OK, it’s not exactly a corporate doomsday scenario. Still, a recent story from the BBC is a perfect illustration of why testing real-world scenarios needs to be a part of your testing strategy. The sample size might be too small to draw any definitive conclusions about humanity but, if this group is any indication, you might want to keep an extra eye on your 11-year-old.
So, what happened? In a nutshell, some students (aged 5-15 years old) were given a standardized spelling test – on their laptops – online. Have you guessed where this is headed? Well, it appears that some of the students in primary 7 (roughly 6th grade for us Americans) were touched by the light of inspiration. They turned on their online spell checkers.
SNSA P7 spelling. Pupils asked to correct spelling of words. P7 pupils worked out if you right click on your answer, the computer tells you if it is correct! Brilliant! 😂
— George Gilchrist (@GilchristGeorge) May 16, 2018
Yes, the “hack” was that simple and had the obvious effect- misspelled words were underscored in red, à la Word. Students were able to then right-click in order to get the correct spelling. Clever, right? Interpreting the nonplussed reaction of the school system, it seems that a critical setting (browser lockdown? wifi?) was overlooked on some of the computers used to administer the tests. A Scottish government spokesperson said, “advice is being given to schools about how to disable the spellchecking function.”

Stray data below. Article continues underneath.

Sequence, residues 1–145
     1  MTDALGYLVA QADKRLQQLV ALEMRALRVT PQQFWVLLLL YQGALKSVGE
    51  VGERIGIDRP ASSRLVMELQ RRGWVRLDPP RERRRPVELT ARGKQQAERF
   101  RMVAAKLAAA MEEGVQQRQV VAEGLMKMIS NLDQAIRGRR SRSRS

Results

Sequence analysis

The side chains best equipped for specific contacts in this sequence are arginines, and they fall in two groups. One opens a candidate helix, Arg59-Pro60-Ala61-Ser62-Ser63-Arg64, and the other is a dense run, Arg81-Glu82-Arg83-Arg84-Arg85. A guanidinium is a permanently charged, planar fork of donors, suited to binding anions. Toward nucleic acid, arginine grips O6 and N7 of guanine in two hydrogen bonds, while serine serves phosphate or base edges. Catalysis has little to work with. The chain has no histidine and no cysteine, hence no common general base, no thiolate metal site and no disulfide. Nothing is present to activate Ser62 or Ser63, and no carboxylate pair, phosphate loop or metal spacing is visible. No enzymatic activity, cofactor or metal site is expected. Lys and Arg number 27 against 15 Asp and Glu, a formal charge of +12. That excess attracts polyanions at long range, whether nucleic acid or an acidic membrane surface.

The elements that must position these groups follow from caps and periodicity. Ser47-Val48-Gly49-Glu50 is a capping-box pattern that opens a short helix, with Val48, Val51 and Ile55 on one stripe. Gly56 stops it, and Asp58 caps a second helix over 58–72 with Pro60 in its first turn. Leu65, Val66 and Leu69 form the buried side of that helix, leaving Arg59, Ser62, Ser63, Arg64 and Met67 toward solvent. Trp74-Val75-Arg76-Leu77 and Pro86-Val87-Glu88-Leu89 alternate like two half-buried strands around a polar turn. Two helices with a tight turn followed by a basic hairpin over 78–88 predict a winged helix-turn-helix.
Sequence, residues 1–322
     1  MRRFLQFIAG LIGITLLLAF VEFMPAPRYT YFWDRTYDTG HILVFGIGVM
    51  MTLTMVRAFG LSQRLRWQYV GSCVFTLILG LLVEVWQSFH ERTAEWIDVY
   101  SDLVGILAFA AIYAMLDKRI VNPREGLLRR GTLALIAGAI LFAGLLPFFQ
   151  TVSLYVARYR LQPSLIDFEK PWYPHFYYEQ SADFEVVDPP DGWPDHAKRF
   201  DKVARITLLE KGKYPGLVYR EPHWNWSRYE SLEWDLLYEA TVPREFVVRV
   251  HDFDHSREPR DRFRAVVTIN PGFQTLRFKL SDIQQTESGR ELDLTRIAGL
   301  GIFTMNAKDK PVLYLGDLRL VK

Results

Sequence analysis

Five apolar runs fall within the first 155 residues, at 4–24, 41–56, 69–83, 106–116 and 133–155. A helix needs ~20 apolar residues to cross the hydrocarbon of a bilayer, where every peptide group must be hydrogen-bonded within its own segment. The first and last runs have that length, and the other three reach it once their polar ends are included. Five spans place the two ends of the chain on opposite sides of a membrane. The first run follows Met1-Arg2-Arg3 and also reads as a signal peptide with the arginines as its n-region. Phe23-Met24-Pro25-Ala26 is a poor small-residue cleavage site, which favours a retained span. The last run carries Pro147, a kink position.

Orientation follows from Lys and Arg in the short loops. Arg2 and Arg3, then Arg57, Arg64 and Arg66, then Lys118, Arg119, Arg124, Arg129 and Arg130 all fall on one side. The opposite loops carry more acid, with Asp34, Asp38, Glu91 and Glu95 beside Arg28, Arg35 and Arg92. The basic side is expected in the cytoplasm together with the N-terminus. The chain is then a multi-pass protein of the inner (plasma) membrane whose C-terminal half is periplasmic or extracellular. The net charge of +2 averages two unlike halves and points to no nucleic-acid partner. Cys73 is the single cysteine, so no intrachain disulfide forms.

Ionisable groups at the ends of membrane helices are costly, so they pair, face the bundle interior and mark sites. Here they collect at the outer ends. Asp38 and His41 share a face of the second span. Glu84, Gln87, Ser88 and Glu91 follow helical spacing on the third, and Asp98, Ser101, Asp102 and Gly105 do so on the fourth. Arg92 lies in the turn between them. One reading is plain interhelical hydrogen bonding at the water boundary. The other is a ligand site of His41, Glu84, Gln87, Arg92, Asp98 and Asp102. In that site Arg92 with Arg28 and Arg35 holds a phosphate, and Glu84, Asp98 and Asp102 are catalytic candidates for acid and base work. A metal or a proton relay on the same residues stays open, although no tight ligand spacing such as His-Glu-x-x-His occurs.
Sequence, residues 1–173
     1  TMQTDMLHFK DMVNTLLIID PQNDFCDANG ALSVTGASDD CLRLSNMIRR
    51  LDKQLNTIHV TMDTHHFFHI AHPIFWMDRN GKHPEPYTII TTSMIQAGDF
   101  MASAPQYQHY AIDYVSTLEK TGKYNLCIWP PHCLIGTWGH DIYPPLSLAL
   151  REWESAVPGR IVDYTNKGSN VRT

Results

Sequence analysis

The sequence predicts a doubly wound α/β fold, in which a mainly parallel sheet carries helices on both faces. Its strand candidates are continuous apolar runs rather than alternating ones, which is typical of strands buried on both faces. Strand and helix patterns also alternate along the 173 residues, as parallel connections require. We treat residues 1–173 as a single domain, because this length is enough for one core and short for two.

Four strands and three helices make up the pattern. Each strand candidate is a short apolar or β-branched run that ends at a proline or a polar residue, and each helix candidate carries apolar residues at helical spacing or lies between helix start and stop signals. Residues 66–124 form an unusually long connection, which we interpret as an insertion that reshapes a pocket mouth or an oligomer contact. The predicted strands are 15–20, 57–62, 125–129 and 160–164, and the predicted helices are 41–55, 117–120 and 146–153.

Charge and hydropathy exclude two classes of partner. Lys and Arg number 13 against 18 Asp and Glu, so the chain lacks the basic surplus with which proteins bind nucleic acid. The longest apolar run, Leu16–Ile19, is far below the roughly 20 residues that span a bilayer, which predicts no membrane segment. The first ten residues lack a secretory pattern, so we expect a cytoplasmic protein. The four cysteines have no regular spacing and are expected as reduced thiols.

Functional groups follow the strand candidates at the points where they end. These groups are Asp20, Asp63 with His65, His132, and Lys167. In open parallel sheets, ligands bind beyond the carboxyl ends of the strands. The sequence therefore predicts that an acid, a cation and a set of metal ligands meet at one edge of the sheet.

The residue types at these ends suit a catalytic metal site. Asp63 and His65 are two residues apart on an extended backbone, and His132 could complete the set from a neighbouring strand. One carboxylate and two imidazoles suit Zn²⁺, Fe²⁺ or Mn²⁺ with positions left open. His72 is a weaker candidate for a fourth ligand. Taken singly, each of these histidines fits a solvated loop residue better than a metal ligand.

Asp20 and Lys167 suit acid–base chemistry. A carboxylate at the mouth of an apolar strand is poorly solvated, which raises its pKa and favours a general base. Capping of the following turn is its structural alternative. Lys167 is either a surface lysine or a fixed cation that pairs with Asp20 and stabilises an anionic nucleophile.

The takeaway? You can’t just test in a sterile, controlled environment and expect to get a full set of meaningful results. To avoid the kind of oversight that caught out the Scottish school system, you need to test in the real world: the dirty, seedy world with 11-year-olds in it. Outside the box. Things like poor network connections, apps running in the background – or even children – might throw off your app in ways you hadn’t considered in your normal testing routine. In the 21st century, there’s no particular stigma attached to having your bug discovered by a child; kids are shockingly tech-savvy. Still, if you test everything and test often, there’s a much better chance you won’t be embarrassed by a 6th-grader!